Oh, India, how I miss you! It seems appropriate during one of the happiest holidays in India, Diwali, that I recap a bit about our trip: the people, the places, the food, and the culture. Many months ago when we began to plan this trip, I worried that it was too big of a leap – that India was too foreign of a place for me to feel comfortable, or that the culture would be too insular to be able to understand as a visitor.
I am so happy to report that from the minute we began our incredible Indian adventure, we threw ourselves right into the mix and we can’t stop thinking/talking/dreaming about how incredible the trip really was.
Our itinerary began in Delhi, navigating the bustle of the polluted city streets by tuk-tuk (top right) and on our feet. Through markets, temples, and authentic restaurants, we slowly gained our bearings and practiced how to merge into oncoming traffic as pedestrians. We reveled in the modern touches of the city, like the metro system, but could barely stand being outside for long stretches of time because of the high temperatures and humidity that had our conservative outfits clinging to our bodies.
Excited to see more and leave the pollution behind, we traveled to Jaipur, “the Pink City,” to explore the Amer Fort and walk the night markets. I found the views to be incredible, and was constantly interested in the people – the sadhus (holy men who dress in white), the women in colorful saris and salwar kameez, the men wearing pants and button up shirts in the hot weather, alongside dogs and cows that roamed the streets.
A constant for us was recognizing the mutual respect found between strangers, and seeing how a country of 1.25 billion people has lasted so long among pressures between religion, politics, and external forces.
We spent nights in the villages of Tordi Sagar and Alipura on both ends of traveling to Agra in order to see the great Taj Mahal. The snippets of real life in rural India are the moments that I think I will savor the longest: old men leading their bulls through the village, children peeking at us through windows and from rooftops, and the constant sense of community. Noah and I spent a lot of time reflecting on how we can better appreciate friendships and make community in Denver, after feeling so easily welcomed by others.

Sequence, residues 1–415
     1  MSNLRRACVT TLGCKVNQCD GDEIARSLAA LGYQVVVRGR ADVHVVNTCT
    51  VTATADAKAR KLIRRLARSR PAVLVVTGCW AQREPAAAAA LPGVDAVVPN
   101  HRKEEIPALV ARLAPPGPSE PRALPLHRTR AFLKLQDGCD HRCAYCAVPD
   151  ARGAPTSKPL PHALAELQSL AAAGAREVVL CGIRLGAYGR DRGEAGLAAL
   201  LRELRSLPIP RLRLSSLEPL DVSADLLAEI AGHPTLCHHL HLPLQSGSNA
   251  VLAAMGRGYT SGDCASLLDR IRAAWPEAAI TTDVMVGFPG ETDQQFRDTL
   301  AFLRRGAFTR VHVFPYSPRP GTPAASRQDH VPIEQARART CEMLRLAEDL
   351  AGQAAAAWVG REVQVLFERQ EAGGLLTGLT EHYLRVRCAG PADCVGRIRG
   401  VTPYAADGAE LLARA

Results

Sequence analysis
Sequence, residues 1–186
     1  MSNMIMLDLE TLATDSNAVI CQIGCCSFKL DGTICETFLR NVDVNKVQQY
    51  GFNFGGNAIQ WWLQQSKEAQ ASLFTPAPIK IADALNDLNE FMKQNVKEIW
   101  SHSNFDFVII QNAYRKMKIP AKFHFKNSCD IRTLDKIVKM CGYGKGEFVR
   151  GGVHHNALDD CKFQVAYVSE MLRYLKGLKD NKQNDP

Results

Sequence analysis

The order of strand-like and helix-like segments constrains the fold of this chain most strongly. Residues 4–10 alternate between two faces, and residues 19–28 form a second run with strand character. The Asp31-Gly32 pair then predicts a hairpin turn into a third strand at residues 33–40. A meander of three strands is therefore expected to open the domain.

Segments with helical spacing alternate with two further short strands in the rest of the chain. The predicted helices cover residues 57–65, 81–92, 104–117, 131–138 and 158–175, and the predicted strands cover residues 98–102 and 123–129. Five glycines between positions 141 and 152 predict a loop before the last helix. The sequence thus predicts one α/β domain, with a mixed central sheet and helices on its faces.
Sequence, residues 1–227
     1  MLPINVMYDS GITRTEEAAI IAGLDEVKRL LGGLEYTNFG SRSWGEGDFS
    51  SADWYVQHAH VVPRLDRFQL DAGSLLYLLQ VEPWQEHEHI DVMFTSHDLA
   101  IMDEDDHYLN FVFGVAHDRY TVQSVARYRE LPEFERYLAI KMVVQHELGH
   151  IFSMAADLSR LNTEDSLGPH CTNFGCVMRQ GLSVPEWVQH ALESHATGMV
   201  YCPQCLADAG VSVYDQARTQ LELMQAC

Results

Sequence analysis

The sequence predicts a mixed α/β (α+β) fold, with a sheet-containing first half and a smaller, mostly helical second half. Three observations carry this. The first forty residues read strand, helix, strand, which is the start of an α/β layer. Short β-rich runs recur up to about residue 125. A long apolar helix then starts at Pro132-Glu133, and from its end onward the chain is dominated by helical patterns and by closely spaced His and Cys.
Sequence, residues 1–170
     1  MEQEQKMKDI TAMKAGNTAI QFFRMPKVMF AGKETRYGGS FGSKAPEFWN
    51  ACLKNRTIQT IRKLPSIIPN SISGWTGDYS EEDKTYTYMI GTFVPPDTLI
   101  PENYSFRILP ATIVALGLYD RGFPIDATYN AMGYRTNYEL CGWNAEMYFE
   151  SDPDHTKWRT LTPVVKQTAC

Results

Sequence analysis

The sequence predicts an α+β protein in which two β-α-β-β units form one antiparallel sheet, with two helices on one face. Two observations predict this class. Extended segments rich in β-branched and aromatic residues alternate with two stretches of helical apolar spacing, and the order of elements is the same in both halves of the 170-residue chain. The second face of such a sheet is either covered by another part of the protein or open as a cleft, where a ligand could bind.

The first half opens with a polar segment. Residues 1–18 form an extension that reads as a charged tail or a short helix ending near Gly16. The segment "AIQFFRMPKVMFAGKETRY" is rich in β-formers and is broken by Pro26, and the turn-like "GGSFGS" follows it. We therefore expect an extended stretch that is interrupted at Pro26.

We continued our journey through other small towns, like Khajuraho (UNESCO World Heritage Site) and Orchha, stopping at temples for ceremonies and reveling at architecture that reminds the world how old India is, taking a cooking class (inspiration for my eggplant curry dish!), and admiring fabrics and spices at every turn along our walks.
We ended our northern India adventure in Varanasi, the holy city where millions of Hindus travel for pilgrimage, to worship, and to die. Riding on a boat at sunrise on the Ganges River was a highlight considering how many people have lived off of that river for centuries. We flew south to Mumbai for one night before flying home – spending 36 hours exploring all that we could, including the largest outdoor laundry (above, bottom right), the industry in one of the largest slums in the world – Dharavi, and eating street food.
Now, this really couldn’t be a recap of India on a food blog without remembering that Indian food is incredibly delicious! We kept our bellies happy the whole trip with lots of veggie curry dishes with rice and naan, delicious chicken, and sweets. While mangoes weren’t in season, I also had a few lassis to quench my insatiable thirst during our trip. Pictured above: pani puri (top left- a crispy street food in Mumbai stuffed with a spiced chickpea mixture and topped with yogurt), mixed vegetable curry (top right), a jalebi (similar to funnel cake), and our last meal – a huge spread of curries and chicken shared with our tour guide and driver.
I could say so much more and add so many photos, but the main feeling I left India with was one of wonder. I love that I have seen a country on the rise to better industry and entrepreneurship while maintaining a strong sense of self through culture, religion, and food. I love that I felt challenged everyday to push myself to explore and be open to conversations with strangers.
While coming home felt exciting, and returning to a routine is inevitable, I am more conscious of the importance of community. Largely thanks to my travels, I continue to hold onto the idea that we are exploring the places we live everyday, and that those experiences should be shared and celebrated with others.
With that, I seriously wish I could have you all over for dinner tonight. I’m going to enjoy this fall weather with some cornbread and chili – happy weekend!